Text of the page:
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Carbon-nanotube computer scaled up

Electronic devices that are based on carbon nanotubes have the potential to be more energy efficient than their silicon counterparts, but have been restricted in functionality. This limitation has now been overcome.
Franz Kreupl is in the Department of Hybrid Electronic Systems, Technical University of Munich, 80333 Munich, Germany.
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For many decades, progress in electronics has been driven by a gradual reduction in the size of silicon transistors (electronic switches). However, this scaling is becoming increasingly difficult and is now yielding diminishing returns. Transistors based on semiconducting carbon nanotubes are clear front runners as replacements for silicon transistors in advanced microelectronic devices. But imperfections inherent in carbon nanotubes, and challenges in handling these tiny objects, have prevented their use in real-world microelectronic applications. Writing in Nature, Hills et al.1 report a major advance in this field: a 16-bit computer that is built entirely from carbon-nanotube transistors.

To achieve this milestone, the authors needed to develop a viable nanotube-transistor technology that provides two kinds of transistor: p-type metal–oxide–semiconductor (PMOS) and n-type metal–oxide–semiconductor (NMOS). In digital electronics, a computation is divided into a sequence of elementary (logic) operations that are carried out by components called logic circuits. The present design of these circuits in the electronics industry is based on complementary metal–oxide–semiconductor (CMOS) technology, which requires both PMOS and NMOS transistors.

A PMOS (or NMOS) transistor is switched on when a negative (or positive) voltage is applied to an electrode known as the gate. This electrode controls the conductivity of the channel (in this case, formed by carbon nanotubes) between two other electrodes (the source and the drain). When a PMOS transistor and an NMOS transistor are interconnected in series, the result is an element called an inverter (Fig. 1). If a low voltage is applied to such an inverter, the output voltage will be high, and vice versa. This element is the basic ingredient of all the logic circuits used in Hills and colleagues’ computer.

Figure 1 | A carbon-nanotube inverter. a, Hills et al.1 demonstrate a computer that uses basic elements called inverters. Each of these inverters contains two kinds of transistor (electronic switch): a p-type metal–oxide–semiconductor (PMOS) transistor and an n-type metal–oxide–semiconductor (NMOS) transistor. These transistors are interconnected in series and are formed on a silicon oxide substrate. Each transistor consists of three electrodes known as the source, the gate and the drain; the source and the drain are separated by a channel that is formed of semiconducting carbon nanotubes. The micrometre-scale width and length of a channel are indicated. b, If a low voltage is applied to the inverter, the output voltage will be high, and vice versa.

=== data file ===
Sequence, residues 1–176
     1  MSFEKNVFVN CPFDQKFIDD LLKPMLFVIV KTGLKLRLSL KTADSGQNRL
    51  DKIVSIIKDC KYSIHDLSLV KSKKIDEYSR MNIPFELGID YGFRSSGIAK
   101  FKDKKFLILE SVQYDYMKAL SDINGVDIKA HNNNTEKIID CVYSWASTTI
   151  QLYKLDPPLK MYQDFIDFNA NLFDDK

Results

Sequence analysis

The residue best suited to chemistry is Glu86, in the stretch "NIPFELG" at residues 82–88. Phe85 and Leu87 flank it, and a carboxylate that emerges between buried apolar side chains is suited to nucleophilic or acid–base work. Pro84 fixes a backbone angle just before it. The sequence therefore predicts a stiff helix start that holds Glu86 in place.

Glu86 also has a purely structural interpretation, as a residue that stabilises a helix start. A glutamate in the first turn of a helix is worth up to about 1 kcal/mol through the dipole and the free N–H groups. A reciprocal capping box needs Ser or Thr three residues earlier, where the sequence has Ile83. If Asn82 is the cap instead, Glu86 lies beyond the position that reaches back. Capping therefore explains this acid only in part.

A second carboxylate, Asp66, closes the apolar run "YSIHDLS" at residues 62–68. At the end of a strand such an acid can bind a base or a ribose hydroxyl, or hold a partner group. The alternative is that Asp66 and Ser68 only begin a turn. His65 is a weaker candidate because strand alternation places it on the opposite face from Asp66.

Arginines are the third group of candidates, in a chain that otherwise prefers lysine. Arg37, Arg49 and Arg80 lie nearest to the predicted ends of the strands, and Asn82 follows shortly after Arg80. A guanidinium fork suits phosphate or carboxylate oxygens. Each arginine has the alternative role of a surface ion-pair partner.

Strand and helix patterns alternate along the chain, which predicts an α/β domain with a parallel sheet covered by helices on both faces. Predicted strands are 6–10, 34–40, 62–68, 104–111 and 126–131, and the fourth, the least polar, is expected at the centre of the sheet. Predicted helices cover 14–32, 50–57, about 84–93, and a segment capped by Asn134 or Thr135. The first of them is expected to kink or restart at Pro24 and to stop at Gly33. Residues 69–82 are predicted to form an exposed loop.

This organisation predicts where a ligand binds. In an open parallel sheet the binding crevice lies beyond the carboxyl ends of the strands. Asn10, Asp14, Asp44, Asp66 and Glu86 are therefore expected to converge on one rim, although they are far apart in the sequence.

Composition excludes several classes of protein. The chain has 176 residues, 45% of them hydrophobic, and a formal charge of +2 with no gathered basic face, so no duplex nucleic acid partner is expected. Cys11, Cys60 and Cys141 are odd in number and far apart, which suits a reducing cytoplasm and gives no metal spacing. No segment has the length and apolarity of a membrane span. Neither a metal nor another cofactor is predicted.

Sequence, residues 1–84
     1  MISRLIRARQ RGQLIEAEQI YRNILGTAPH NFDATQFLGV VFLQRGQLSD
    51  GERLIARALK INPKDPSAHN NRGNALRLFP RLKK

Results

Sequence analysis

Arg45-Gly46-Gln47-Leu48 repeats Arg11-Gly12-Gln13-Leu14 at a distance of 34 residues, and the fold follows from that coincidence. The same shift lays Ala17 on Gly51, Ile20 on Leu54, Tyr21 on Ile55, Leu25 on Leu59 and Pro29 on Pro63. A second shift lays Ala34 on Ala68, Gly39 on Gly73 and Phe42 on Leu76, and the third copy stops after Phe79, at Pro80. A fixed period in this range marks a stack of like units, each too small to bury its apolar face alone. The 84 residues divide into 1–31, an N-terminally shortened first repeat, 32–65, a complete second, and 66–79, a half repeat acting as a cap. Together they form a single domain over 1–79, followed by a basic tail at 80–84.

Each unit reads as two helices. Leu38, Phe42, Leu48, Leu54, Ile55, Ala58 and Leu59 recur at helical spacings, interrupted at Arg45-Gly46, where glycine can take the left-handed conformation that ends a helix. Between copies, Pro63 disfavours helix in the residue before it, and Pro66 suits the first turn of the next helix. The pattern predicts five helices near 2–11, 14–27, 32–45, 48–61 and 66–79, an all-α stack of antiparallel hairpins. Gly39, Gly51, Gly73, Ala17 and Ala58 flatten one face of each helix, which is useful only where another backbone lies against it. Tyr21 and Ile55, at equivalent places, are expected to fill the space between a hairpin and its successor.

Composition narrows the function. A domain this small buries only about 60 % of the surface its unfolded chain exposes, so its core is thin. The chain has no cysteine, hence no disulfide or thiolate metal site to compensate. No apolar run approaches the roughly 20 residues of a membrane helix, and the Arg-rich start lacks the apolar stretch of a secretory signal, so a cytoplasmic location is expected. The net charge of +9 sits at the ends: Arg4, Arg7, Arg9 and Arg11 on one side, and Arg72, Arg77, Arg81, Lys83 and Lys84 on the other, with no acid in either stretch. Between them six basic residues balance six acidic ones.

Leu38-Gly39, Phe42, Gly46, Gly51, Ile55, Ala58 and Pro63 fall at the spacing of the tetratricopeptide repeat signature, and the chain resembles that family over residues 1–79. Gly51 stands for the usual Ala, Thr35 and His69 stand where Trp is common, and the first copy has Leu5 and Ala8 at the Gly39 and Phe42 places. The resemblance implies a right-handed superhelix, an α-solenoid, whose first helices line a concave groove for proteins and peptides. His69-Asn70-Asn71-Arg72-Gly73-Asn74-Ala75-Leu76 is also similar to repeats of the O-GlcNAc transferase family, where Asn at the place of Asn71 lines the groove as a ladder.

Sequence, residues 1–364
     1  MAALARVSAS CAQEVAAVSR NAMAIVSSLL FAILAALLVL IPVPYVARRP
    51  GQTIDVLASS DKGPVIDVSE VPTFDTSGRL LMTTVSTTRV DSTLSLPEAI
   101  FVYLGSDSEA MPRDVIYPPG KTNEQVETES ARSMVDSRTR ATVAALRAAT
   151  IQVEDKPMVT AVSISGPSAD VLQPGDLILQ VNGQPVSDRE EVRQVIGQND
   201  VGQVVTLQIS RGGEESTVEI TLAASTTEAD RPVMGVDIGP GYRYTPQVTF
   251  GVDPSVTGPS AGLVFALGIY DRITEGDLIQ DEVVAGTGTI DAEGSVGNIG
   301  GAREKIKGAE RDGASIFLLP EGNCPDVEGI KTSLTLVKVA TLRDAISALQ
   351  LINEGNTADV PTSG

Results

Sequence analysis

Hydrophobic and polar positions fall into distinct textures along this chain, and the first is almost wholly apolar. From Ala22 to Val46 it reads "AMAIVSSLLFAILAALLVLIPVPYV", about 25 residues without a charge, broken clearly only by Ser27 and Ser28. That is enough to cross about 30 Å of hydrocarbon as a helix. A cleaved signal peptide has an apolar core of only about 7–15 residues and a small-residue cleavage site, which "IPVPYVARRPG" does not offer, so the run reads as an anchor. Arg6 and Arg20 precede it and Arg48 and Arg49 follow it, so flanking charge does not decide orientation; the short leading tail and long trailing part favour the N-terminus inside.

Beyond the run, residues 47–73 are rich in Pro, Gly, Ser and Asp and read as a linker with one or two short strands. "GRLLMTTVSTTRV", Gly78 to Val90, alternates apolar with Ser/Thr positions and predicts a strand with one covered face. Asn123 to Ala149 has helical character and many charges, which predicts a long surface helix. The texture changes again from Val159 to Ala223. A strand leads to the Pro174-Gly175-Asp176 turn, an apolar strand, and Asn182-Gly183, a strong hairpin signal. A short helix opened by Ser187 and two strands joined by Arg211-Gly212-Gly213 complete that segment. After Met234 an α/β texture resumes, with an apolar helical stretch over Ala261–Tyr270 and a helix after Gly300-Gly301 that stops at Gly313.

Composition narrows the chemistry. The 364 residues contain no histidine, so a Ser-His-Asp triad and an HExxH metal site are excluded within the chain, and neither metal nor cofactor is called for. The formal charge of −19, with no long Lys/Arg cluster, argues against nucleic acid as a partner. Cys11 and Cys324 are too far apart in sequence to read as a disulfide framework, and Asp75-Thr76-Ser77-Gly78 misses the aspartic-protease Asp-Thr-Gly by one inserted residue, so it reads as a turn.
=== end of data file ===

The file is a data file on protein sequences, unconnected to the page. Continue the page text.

The authors made their transistors by forming a network of randomly distributed, high-purity (99.99%) semiconducting nanotubes on a substrate. The formation process resembles pouring a bowl of cooked spaghetti onto a surface and then removing all the strands that are not in direct contact with the surface. The result is a substrate covered with roughly a single-layer of randomly oriented nanotubes.

Hills et al. then deposited metal on the nanotubes to connect them to the source and the drain. The work function of this metal (the energy needed to remove an electron from its surface) depended on whether the device was a PMOS or an NMOS transistor. The authors covered the rest of each nanotube with carefully selected and trimmed oxide materials, to isolate the nanotubes from their surroundings and to adjust their properties. In principle, the substrate does not need to be made of silicon; it simply needs to be flat. Moreover, the processing happens at relatively low temperatures (about 200–325 °C), so that stacking of further functional layers would easily be possible.